Temple Beth Tikvah is no different. Its rhythms change in the summer. Our shift to 6:00pm Shabbat services on all summer Fridays has been well received, and we are making good use of the outdoors. Two beach Shabbats and a Shabbat “under the stars” on our patio have made use of the natural beauty that surrounds us and has brought our community together in new

It is also time, believe it or not, to prepare for the High Holidays that renew our spirits each year. The clergy are hard at work preparing meaningful services, volunteers are organizing children’s services, and the High Holiday choir is rehearsing. Our Religious Activities Committee, chaired by Heide Mueller-Hatton, is working closely with our clergy to bring it all together, and all congregants are welcome to participate in the work of that committee
and add their voices and ideas.

The Social Justice Committee, co-chaired by Sarah Mervine and Tina Silidker, have begun organizing a full slate of activities for the fall to help improve the world, as TBT’s mission statement dictates. At a time when our nation is experiencing hateful violence and we are bombarded with caustic rhetoric in the daily news, TBT does its part to celebrate humanity and assist all who are in need, whether it’s providing food to families, building homes, or collecting supplies for school children. Come to that committee’s next meeting on September 12th to help shape its agenda and contribute to its mission.

Our Programming Committee, chaired by Gary Damiano, is already working to design exciting programs for us this fall (stay tuned!), and Gary would welcome your assistance. And then
there’s our Education Committee, co-chaired by Peter Chorney and Deb Coe, coordinating closely with the Cantor to give us a school and curriculum designed to educate and enlighten our Jewish youth. The start of school is around the corner, and we have a full slate of teachers ready to inspire our children. Come add your input to this important endeavor. Several more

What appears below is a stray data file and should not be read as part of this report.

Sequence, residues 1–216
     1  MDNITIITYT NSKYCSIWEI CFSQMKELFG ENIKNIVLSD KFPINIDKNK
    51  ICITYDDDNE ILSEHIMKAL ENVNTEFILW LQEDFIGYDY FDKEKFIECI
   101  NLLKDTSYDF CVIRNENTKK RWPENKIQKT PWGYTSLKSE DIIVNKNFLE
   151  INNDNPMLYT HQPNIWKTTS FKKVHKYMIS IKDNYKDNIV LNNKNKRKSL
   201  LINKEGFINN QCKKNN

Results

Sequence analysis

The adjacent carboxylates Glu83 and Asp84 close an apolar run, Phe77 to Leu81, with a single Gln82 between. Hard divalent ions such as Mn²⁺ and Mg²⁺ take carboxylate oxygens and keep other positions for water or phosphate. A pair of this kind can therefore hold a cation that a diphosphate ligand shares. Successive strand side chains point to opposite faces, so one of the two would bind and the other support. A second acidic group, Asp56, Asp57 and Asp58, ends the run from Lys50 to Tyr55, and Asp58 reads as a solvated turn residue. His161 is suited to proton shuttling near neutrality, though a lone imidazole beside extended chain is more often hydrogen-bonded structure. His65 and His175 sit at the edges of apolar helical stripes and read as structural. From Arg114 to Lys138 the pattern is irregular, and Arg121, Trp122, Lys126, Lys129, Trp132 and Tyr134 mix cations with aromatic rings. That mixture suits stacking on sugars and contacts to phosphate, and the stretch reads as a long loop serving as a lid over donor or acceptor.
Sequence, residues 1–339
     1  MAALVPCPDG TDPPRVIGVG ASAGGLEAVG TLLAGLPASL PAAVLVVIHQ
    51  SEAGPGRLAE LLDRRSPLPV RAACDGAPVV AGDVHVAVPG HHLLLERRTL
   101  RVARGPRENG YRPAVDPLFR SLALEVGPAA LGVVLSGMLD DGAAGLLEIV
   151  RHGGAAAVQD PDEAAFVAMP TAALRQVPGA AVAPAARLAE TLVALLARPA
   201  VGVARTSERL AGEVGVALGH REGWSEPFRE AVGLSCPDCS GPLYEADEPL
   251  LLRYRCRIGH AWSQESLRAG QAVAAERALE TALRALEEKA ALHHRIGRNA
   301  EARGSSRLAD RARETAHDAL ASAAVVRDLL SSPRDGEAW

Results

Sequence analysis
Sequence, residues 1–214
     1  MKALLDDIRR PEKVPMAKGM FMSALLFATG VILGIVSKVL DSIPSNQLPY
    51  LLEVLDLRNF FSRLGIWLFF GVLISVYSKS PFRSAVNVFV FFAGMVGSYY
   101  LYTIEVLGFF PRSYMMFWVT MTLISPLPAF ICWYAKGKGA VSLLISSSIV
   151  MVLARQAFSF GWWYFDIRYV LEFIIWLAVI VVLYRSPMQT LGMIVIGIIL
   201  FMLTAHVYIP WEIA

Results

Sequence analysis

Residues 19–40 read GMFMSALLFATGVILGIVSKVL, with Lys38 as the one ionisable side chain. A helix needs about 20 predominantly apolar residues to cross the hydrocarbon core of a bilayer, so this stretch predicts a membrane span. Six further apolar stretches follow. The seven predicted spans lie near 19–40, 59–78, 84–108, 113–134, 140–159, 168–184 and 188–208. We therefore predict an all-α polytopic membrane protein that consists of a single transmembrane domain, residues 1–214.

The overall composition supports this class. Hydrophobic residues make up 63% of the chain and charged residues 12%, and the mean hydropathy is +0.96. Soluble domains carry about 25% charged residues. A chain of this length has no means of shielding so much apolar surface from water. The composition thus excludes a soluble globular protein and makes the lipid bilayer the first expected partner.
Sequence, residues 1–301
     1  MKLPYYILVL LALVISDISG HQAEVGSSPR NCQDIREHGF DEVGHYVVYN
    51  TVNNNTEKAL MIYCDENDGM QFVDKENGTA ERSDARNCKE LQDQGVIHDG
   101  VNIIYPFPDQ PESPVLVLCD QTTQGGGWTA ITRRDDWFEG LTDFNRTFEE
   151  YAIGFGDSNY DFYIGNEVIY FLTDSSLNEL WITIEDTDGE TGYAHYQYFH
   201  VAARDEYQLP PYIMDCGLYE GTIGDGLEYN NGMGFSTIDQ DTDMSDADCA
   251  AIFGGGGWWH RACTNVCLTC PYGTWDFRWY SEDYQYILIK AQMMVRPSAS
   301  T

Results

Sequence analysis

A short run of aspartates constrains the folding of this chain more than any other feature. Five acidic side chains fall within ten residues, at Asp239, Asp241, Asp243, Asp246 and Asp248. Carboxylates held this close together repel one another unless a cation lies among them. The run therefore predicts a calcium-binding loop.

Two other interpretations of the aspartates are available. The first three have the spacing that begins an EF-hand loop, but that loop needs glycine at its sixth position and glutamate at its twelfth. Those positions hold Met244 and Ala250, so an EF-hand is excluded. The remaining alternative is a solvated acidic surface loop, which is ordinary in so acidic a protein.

commitees are doing important work, to be discussed in future columns.

May the remainder of your summer be meaningful (and fun!).
Jeff Babbin

Rabbi's Column - September 2017

I am in my seat at the Metropolitan Opera House. The majestic crystal chandeliers start their rise into the sky. The spotlight reveals an elegantly attired conductor. The house falls silent, he lifts his baton, the orchestra begins. The music goes straight to my heart; I am enraptured by my favorite moment, the overture.

Selichot is the overture for our High Holidays. You don’t want to miss it. It is a truly breathtaking service. This year, with Mishkan HaLev, the new prayer book for Elul and Selichot, we can soar in spirit and reflection, in ways that are contemporary and traditionial.
The High Holiday season is somber and the work we do is heavy. How refreshing then to begin our overture with Mishkan HaLev, which works because it is rooted in joy and celebrates the opportunities the season offers us to change our lives. The name of the book itself - Mishkan HaLev - not only promises a connection to the other Mishkan prayers books in our lives, but also a focus on the heart - a joyful heart.

Yehuda Amichai’s beautiful poetry appears throughout the book, tying together both the ancient and the modern with timely, meaningful messages that are neither moralistic nor pedantic. One poem, “The Place Where We Are Right,” demonstrates this theme:

From the place where we are right
Flowers will never grow
In the spring.
The place where we are right
Is hard and trampled
Like a yard.
But doubts and loves
Dig up the world
Like a mole, a plow.
And a whisper will be heard in the place
Where the ruined
House once stood.

Mishkan HaLev helps open our hearts to the tasks at hand. I look forward to seeing you at Selichot Services on Saturday, September 16th at 7pm, when the new book will be in our hands as we open the gates of 5778.
L’Shanah Tovah Tikateivu,
Rabbi Stacy K. Offner